I had dinner with a friend last night, one that I rarely get to see, but who goes way back. She shared that recently she’d wanted to pull out every hair on her head (one by one), make a nest out of them, crawl into said nest and die. This was the way she felt after losing her shit on her kids. She described her violent spewing of f-bombs and desire to murder after witnessing one of her children repeatedly hit the other with a gaming controller. She painted the picture so very clearly. I was grateful for and felt reassured by her honesty and vulnerability. Witnessing child against child violence and responding with violence and rage is all too familiar for me. It is one of my biggest nemeses. It is the very thing that brought me to a mindfulness practice, and when I slip up, it is the very thing that makes me believe momentarily that I should quit, because can a person really teach while in the throes of learning? Continue reading no masks friendship
I retired from teaching college Spanish in May, and since then I really haven’t thought too much about any one particular class. Until recently.
In one of my first years teaching, the textbook we were using had a culture segment about the impacts of globalization in Latin America. Taking advice from a colleague, I showed the documentary Señorita Extraviada, which investigated the incredible number of disappearing women in Juarez, Mexico where an outcropping of maquiladoras (foreign factories) had sprung up after the signing of NAFTA. The movie packed a punch. I watched it with the class in complete disbelief. I couldn’t believe that so many women were disappearing, some found after having been brutally raped and cut into pieces, and others never found. I couldn’t believe the foreign companies didn’t investigate when their workers went missing en route to and from their factory jobs. I couldn’t believe the indifference of the Mexican police. I couldn’t believe the disinterest (ignorance?) of the U.S. I couldn’t believe how powerless the Mexican families were in seeking answers about their missing mothers, daughters and sisters. Continue reading Classroom flashbacks: we are all the same
I was supposed to be landing in Phoenix right about now on my way home from Oakland, CA, where I came to meet my newborn niece and kick it with my soul sister, who is also my sister by blood. But because of a giant Midwest ice-storm, instead of breathing stale airport air and hustling from one terminal to another, I’m lounging on the bed in the spare room with the sun streaming onto me from the window, open to the sounds of the street just a few feet below. From my perch I can see the trees surrounding Lake Merritt and the bus stop equipped with the belongings of the mute homeless guy who calls it home. When the breeze blows just right I can hear drumming from a large group of men playing not far from here, and in the span of a few minutes I can hear a multitude of languages spoken by the passersby below. I can smell the inside scents of a 100 year old building and the outside scents of the sea and the Mediterranean restaurant next door. Continue reading Five days in Oakland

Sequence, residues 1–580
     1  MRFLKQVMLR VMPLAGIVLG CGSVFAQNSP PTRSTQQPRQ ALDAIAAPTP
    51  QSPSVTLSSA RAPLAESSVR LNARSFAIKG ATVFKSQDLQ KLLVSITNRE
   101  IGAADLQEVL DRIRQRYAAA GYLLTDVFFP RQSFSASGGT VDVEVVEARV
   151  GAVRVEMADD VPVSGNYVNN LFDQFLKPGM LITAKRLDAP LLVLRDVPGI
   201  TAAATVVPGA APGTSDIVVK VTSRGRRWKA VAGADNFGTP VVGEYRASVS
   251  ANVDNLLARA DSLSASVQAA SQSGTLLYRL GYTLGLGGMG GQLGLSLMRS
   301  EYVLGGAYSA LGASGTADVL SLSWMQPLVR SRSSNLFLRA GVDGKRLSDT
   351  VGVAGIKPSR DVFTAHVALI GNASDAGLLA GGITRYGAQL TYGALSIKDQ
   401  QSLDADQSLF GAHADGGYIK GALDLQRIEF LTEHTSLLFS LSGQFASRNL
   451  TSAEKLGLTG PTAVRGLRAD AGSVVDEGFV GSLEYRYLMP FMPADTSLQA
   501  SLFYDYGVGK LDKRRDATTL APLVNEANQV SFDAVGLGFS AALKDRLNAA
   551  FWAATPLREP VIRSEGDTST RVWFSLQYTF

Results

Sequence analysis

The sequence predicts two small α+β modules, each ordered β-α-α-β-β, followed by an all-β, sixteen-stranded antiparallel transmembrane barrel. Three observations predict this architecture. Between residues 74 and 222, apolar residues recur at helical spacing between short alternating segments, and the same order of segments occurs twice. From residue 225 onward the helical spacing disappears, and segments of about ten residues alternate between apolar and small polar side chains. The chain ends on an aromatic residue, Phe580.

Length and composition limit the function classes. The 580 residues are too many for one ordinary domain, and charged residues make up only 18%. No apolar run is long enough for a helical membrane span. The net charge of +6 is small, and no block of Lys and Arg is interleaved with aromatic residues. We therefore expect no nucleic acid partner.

Yesterday was Winter Solstice.
We still don’t have our lights up nor our tree brought home. I haven’t purchased many gifts. We haven’t baked much either. Continue reading The season’s a changin’
My quest to be more mindful is a constant process, but every once in awhile I have a mini breakthrough that seems life changing. One such breakthrough occurred Sunday… Continue reading Thanksmas shift
At dinner last night TJ and I discussed our upcoming 13th wedding anniversary, and we also acknowledged that next month we will be closer to 40 than 39. Both of these conversation tracts reminded me of a blog I’d written last summer but never shared. I revisited it, and it still seems relevant enough to post: Continue reading Birthday clarity
The first time I was introduced to the idea of the feminine with enough gusto to wake me up was while working with a shaman a handful of years ago. After watching me throughout a night of ceremony, he said,
“Katie, you even move like a soldier. How can you access the feminine?” Continue reading a strong call for cultivating the feminine
“Our children may be at risk for developing a primary attachment to electronic devices rather than human beings. And so may we. “ –Jon Kabat-Zinn
And so may we.
Maybe this is the part of the equation that has got me so flabbergasted as to how to negotiate the world of social media when it comes to my 12 year old. Maybe this is more about me and my attachments than it is about him. I know that’s what he thinks, as he asked me just yesterday, “Why can’t you let me have a normal teenager’s life instead of one you have to control?” Continue reading the smartphone: control and communication
I hung up the phone with TJ this morning, a bit teary and immersed in self-doubt. I had voiced my frustration to him about Max having missed school basketball tryouts last week and Ted walking up to school today late and upset because his homework was incomplete. I said something to the effect of “I feel like every time I glance away from our kids for a split-second everything falls apart.” Continue reading the universe via Rosemond (and yoga)
I was all set to post this morning. I have a beautifully written blog with just the right number of words, mix of alliteration and mindfulness verbiage. I even found a great photo to go with it. I spent a great deal of time trying to say precisely enough while sparing details to protect those I love. Continue reading Round two – shining light on the mushrooms